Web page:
God’s Favorite Customer reveals a bittersweetness and directness in Tillman’s songwriting, without sacrificing any of his wit or taste for the absurd. From “Mr. Tillman,” where he trains his lens on his own misadventure, to the cavernous pain of estrangement in “Please Don’t Die,” Tillman plays with perspective throughout to […]
Beach House release 7, the group’s 7th full-length record, via Bella Union in Europe and Sub Pop in the US. 7 features standouts including the Valentine’s Day single Lemon Glow along with Black Car, Drunk In LA, Dark Spring and the transcendent Dive. All of the songs on 7 began […]
When asked to describe the title track from his new record, Kyle Thomas—aka King Tuff—takes a deep breath. “It’s a song about hitting rock bottom,” he says. “I didn’t even know what I wanted to do anymore, but I still had this urge, like there was this possibility of something […]
A Love Sleeps Deep’s bones rattle with all the seismic changes of the last five years since the release of The Moondoggies’ Adios I’m a Ghost. While the Washington band got lumped in early on with the woodsy folk-rock/Americana movement that sprung up in the Pacific North- west in the […]
Swami John Reis and Rick Froberg have been making noises together since high school. In 1986 it was the post-hardcore chime of Pitchfork. In 1991 it was the sprawling, multi-faceted arrangements of Drive Like Jehu. In 1999 it was the lean, mean swagger of Hot Snakes. Reis and Froberg are […]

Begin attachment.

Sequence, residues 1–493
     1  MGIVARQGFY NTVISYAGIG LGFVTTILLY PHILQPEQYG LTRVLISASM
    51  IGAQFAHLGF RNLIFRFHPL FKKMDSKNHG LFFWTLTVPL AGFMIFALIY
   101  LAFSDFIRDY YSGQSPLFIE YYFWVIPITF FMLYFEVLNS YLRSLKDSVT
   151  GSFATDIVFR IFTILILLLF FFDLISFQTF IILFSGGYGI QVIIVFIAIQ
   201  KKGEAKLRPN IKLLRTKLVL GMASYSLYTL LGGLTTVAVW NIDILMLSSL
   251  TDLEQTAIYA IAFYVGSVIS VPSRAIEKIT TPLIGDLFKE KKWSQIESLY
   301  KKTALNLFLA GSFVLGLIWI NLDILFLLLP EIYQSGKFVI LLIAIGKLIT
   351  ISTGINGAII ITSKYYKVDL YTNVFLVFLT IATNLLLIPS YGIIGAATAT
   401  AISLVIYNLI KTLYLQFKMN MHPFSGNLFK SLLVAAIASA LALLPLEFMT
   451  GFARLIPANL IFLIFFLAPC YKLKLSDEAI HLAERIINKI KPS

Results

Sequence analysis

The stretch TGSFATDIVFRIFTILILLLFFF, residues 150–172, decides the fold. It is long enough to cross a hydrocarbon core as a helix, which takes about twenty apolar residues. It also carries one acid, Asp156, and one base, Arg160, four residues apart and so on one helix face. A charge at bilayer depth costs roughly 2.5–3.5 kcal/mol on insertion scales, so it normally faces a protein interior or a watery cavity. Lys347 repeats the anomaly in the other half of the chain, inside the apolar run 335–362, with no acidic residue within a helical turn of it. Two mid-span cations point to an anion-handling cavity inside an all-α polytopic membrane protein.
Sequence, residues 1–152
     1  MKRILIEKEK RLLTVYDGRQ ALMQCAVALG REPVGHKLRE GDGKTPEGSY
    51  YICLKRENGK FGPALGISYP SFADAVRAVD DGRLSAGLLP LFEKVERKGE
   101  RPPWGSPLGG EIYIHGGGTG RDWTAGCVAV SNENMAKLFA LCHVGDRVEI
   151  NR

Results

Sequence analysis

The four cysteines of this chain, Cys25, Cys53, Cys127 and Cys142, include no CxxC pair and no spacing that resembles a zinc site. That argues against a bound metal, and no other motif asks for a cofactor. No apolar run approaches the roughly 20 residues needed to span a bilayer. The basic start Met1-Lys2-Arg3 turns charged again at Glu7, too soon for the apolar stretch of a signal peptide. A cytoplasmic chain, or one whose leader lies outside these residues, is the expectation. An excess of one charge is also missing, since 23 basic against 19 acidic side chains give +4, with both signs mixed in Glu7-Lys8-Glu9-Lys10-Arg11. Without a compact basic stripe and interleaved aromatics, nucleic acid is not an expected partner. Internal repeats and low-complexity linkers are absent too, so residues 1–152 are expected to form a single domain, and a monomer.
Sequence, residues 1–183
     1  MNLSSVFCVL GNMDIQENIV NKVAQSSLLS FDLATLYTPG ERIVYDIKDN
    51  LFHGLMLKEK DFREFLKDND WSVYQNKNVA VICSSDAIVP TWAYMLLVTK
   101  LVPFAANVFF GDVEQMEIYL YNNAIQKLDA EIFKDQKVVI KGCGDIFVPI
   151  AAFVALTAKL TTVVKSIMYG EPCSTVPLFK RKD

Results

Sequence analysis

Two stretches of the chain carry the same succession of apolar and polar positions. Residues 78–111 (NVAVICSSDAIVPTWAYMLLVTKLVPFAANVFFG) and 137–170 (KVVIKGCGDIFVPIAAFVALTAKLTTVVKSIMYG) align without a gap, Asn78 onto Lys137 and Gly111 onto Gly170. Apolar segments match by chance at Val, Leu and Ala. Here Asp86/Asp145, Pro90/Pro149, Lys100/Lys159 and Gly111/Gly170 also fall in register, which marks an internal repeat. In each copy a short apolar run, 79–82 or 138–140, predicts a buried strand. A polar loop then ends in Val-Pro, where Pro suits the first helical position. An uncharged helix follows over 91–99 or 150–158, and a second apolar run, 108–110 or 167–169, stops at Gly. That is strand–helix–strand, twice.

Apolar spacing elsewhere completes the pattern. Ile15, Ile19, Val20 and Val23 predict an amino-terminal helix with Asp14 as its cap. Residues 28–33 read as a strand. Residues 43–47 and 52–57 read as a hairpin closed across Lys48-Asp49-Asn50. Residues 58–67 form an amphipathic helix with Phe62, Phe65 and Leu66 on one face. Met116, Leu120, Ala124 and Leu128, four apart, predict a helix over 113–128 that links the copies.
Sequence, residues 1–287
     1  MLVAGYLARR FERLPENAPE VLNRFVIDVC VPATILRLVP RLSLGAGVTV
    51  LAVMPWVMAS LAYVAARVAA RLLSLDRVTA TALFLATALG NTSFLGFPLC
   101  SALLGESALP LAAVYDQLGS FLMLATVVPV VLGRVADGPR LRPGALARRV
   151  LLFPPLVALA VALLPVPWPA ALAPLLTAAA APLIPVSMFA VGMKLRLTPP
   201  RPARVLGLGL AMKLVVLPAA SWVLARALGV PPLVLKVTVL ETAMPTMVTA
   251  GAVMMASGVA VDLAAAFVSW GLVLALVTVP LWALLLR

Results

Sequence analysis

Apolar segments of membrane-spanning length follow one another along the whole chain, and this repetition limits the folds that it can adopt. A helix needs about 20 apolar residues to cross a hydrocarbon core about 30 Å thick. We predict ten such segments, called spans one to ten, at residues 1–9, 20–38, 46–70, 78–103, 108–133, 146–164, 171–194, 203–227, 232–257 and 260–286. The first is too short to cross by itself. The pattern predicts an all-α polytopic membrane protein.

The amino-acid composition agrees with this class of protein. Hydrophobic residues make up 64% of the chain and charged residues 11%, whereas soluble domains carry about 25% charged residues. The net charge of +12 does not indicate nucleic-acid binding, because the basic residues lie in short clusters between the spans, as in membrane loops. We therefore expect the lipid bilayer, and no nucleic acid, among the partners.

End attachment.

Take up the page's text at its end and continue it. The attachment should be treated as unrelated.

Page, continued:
Given the time (the ’80s) and place (Seattle, Washington) in which their career took place, it’s not surprising that the U-Men are widely acknowledged as important but little heard precursors to the nascent grunge movement. However, a listen to the group’s music quickly reveals the flaw in this bit of […]
1992’s Congregation, The Afghan Whigs’ third album, finds the Whigs’ soul and psychedelic influences shining through, and helped define the band’s sound for years to come. Until now, Congregation was out of print on vinyl since its original pressing sold out many years ago.
Up In It is The Afghan Whigs’ second full-length and their Sub Pop debut. The 1990 album, recorded by legendary producer Jack Endino, was critically acclaimed and garnered strong college-radio airplay. Until now, it was out of print on vinyl for over 25 years.
Since releasing their self-titled debut record in 2012, which The New Yorker called, “One of the year’s best albums…a punishing, noisy, exhilarating thing,” the Toronto-based 3-piece METZ have garnered international acclaim as one of the most electrifying and forceful live acts, touring widely and extensively, playing hundreds of shows each […]
**In Stock Oct. 6 –The soaring choruses, rousing anthems, sprawling guitars and chaotic keys that make up Wolf Parade are on proud display over the course of Cry Cry Cry, the band’s thunderous first album in seven years. That unique combination of sounds and influences, spearheaded by electric co-frontmen Spencer […]
Scraps at Midnight, Mark Lanegan’s third solo album, could be considered the final installment of a trilogy of albums featuring Lanegan’s interpretation of American roots music accompanied by his troubling lyrics of loss, sin, and redemption.